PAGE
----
Jrose Chillin' With My Peeps

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    Great input, thank you everyone!

    Do sheep do well in just 2 or 3? I'd thought about the barbados black belly, because they don't need sheering. I haven't read about any minis that don't carry wool. It IS possible for me to sheer, I have family that spins, but it's not hugely appealing to me.

    For goats, I shied away from the idea of minis for two reasons; I've heard they're far more agile and escape more regularly, and I'd like to pack goats- a pygmy might not be much help there! On the other hand, the appeal of being able to load a miniature goat into my Subaru is enticing....
    I have a 4' welded wire fence ( 2"x4", not horse-grade) on T-posts for fencing, and there's nothing to climb on near the fences. My worry with goats is that it's all grass, there's not much in the way of woody browsing for them. Do goats do well on grasses?

    The non-fruiting trees are 20+ years old, their lowest branches are 10' or more off the ground. I've heard black walnut will kill horses. Is this true for sheep or goats? I have a black walnut in this area.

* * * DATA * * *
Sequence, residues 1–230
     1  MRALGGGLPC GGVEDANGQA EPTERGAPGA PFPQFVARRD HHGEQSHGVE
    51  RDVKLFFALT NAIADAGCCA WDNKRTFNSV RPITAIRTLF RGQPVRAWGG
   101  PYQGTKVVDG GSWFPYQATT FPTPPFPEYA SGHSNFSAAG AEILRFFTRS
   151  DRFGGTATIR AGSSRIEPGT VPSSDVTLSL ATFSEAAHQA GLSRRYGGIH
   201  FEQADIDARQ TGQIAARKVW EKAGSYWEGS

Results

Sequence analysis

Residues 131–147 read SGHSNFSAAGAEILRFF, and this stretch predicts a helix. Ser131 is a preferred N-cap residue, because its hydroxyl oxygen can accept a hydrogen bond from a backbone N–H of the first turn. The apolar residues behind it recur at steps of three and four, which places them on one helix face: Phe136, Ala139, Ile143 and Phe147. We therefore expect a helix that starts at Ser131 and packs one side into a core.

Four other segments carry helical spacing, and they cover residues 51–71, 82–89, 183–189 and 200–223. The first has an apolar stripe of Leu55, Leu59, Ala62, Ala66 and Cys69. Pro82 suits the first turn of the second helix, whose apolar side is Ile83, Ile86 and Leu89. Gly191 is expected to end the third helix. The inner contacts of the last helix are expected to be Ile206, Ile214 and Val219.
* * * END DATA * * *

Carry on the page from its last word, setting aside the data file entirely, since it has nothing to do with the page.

I definitely don't want the ground trodden to mush. The shelter area is in a corner of mostly stickweeds and is a bit rocky. The actual lawn, well, I'd like to keep it a lawn. Not a mud hole. I can see where having miniature critters would spare wear and tear!

    I would, no doubt, love the opportunity to raise the animals myself. I'm aware of the bond it can create. I'm not chomping at the bit to jump into this, I want to make an educated decision and avoid as many blunders as possible with choosing an animal.